Penthouse Retrospective

by Joe Sharkey Originally Published: June, 1991

Chuck Stuart | 30 Years Ago This Month

McLaughlin knew there wasn’t much time left before Chuck blacked out. “We’re on the way,” the dispatcher assured him. “But you’ve got to tell me a little better where you are.”

Static crowded the line. Chuck, having wound his way through the lower end of the project, had pulled the car over on St. Alphonsus Street. Carol was now slumped beside him silently.

“Hello, Chuck?” McLaughlin was saying. “Chuck, can you hear me? I lost him! Chuck? Chuckie? Chuck Stuart?”

Just then — the digital counter said it was past 12 minutes into the call — McLaughlin heard a thin, pulsing wail through the phone, well in the background. On the phone, Grabowski broke in. “Wait a minute. Can you hear a siren over there?”

“I can hear a siren!” McLaughlin confirmed. To Chuck, he said, “Can you hear me, buddy? Chuck? Chuck Stuart? Are you with me? I can hear you breathing. Chuck? Pick up the phone. I need a better location to find you.”

On and off, the cruisers signaled on the streets of Mission Hill. Finally, the sound of a police siren came across the car phone loud and clear.

“Chuck? Chuck? Do you hear a siren?”

Chuck muttered into the phone, “I can hear a siren. I hear the police. Right here, there’s Boston police.”

“Put the Boston police officer on the phone, Chuck,” McLaughlin said, collapsing back in his chair. There was commotion on the other end as police warily approached the Toyota. Then they could be heard pounding their way into the car .

“We’ve located him!” a cop shouted into the phone.

At the scene a half-dozen police cruisers and two ambulances had converged on the Toyota almost simultaneously. Three paramedics, Rich Serino, Dan Hickey, and Kevin Shea, jumped out of the first Emergency Medical Service ambulance that arrived. Hickey found the woman slumped on the front seat, bleeding profusely from the head. Shea rushed to the driver’s side, where Serino was already reaching in through the open window to unlock the door. To Shea it looked at first like an extreme case of those domestic-violence disputes that cops and emergency workers see all the time.

“Rich, make sure he’s not sitting on a gun or something,” Shea hissed to his colleague. But he immediately felt guilty for having even thought of it, because both occupants of the car were in very bad shape. The man was conscious, writhing, with his right arm raised over the passenger’s seat where the woman’s bloodied head bent toward his shoulder. Shea cut the front of Chuck’s shirt away and helped Serino ease him onto a stretcher while Hickey did the same with Carol on the other side.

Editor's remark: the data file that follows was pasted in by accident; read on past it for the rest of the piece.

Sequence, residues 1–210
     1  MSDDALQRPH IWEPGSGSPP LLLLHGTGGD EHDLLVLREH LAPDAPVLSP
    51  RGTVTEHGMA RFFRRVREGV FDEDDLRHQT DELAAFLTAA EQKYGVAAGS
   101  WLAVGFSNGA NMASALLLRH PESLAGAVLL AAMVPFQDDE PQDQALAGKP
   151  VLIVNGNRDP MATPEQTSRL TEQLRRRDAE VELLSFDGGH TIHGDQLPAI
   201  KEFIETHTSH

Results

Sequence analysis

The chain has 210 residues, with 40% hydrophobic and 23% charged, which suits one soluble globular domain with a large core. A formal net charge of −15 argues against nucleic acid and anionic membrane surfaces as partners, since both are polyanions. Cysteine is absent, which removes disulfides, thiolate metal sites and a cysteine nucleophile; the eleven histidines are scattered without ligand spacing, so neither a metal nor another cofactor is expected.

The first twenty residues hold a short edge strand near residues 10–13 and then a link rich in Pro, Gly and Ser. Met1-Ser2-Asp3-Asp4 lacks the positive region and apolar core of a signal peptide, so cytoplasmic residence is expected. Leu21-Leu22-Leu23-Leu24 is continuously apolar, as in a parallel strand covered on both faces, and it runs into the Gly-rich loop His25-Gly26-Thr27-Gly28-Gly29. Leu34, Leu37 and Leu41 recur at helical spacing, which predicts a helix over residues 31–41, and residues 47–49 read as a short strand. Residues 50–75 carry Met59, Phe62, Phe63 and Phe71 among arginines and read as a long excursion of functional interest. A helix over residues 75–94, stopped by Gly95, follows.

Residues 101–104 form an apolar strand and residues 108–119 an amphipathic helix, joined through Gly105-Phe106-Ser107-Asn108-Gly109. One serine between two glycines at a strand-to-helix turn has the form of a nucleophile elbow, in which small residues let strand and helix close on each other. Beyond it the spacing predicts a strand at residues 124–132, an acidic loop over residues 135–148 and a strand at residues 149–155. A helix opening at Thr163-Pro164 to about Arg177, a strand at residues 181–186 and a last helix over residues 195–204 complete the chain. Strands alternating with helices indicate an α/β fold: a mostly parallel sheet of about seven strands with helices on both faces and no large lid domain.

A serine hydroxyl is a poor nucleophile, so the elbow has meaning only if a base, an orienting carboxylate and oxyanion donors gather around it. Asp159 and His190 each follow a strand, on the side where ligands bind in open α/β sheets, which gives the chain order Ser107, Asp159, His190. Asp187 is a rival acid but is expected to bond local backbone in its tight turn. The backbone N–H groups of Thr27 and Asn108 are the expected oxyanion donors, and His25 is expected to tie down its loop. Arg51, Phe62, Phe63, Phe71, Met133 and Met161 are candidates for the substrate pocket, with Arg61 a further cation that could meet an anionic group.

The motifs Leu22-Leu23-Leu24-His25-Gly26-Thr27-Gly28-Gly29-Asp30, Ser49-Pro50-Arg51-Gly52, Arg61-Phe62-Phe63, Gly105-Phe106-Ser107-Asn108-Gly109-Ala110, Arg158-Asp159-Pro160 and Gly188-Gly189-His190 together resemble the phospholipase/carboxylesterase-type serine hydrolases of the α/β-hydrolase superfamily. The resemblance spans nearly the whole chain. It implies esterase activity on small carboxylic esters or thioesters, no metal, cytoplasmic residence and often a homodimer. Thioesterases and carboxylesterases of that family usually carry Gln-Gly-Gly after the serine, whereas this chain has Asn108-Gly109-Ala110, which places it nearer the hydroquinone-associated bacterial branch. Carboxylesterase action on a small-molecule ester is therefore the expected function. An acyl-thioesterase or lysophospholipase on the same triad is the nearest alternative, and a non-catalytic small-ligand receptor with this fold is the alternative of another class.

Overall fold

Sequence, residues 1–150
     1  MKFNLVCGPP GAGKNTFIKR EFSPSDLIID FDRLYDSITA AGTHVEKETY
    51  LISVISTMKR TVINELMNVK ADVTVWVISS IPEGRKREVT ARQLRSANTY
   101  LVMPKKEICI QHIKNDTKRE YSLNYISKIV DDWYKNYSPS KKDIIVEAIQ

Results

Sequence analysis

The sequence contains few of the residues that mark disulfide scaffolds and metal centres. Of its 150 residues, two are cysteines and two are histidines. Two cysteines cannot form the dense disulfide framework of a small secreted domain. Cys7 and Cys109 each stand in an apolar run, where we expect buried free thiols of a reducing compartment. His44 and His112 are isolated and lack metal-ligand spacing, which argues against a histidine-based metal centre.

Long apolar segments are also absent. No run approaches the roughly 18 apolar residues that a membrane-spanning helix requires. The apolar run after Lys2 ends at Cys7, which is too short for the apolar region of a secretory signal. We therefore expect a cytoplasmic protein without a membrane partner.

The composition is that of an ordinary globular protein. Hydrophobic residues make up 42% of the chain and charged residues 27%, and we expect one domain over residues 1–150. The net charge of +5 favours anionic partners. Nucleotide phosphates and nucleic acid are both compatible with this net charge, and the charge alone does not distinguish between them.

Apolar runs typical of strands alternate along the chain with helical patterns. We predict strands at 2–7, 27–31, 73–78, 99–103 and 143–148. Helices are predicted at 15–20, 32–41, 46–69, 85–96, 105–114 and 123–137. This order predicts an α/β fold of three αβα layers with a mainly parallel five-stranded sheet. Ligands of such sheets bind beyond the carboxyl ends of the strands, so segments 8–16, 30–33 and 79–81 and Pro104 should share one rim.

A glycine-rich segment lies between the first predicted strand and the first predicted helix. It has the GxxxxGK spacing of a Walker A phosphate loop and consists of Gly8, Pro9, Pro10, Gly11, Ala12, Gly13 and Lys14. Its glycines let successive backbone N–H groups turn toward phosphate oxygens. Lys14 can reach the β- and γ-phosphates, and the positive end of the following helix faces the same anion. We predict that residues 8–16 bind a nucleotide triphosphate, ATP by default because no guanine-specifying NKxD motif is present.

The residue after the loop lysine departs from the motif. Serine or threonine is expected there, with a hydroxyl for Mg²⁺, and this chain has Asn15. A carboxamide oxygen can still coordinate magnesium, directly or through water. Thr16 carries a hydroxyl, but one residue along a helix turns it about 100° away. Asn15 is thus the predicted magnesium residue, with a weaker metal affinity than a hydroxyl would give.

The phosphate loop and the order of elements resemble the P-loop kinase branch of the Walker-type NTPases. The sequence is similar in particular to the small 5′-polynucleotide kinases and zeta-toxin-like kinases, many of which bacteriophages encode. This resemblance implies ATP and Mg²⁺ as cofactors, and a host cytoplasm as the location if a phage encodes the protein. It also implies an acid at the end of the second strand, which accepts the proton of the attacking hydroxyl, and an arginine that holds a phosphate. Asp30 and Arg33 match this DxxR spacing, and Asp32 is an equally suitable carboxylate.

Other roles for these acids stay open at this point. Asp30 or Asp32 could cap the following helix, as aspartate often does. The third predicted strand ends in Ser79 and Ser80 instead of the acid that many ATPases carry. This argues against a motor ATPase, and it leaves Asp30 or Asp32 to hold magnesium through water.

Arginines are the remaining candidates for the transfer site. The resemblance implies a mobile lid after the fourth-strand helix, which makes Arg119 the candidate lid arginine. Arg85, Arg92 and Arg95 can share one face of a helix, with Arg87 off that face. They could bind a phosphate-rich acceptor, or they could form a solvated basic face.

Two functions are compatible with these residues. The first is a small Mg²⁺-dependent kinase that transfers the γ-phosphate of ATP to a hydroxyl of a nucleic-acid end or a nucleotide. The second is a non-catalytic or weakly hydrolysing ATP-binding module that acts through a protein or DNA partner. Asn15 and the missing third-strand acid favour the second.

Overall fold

Guessing at how long the woman had been without oxygen, they figured they had less than ten minutes to save the baby.

At this moment, as Chuck lay in an ambulance conscious and lucid while the paramedics labored to save his life, fate played a second trick on him, far more profound than the one that had caused his flailing wife to knock the gun into his gut: This new twist put him on national television. In the ultimate tribute the decade of the eighties could pay to one of its own, Chuck Stuart promptly got his 15 minutes of fame.

Alerted by the drumbeat in the local news media that seemed to indicate a crime wave exploding on Boston’s streets, a television crew from the network program “Rescue 911” happened to be in Boston that night, riding along with an emergency crew, hoping to chance upon some kind of street excitement, when Chuck Stuart made his call for help. The television crew arrived on the scene and found a national icon. With grim wonder, the long lens of the video camera fixed on the pain-wracked young man. In the shadows on the sidewalk, a handful of project residents, drawn by the sirens and the lurid, pulsing red lights, thrilled by the ratifying presence of television, murmured in quiet appreciation.

A cop with a notebook crouched by the wounded man’s head in the back of the ambulance. “You see who did this? One guy? Two guys?”

“A black male,” Chuck mumbled.

“What did he have on for clothing, do you remember?”

Chuck replied with difficulty through the oxygen mask, “Black running suit.”

Sadly, the Chuck Stewart story has been going on for centuries and shows no signs of slowing going forward. Love can be a dangerous dance.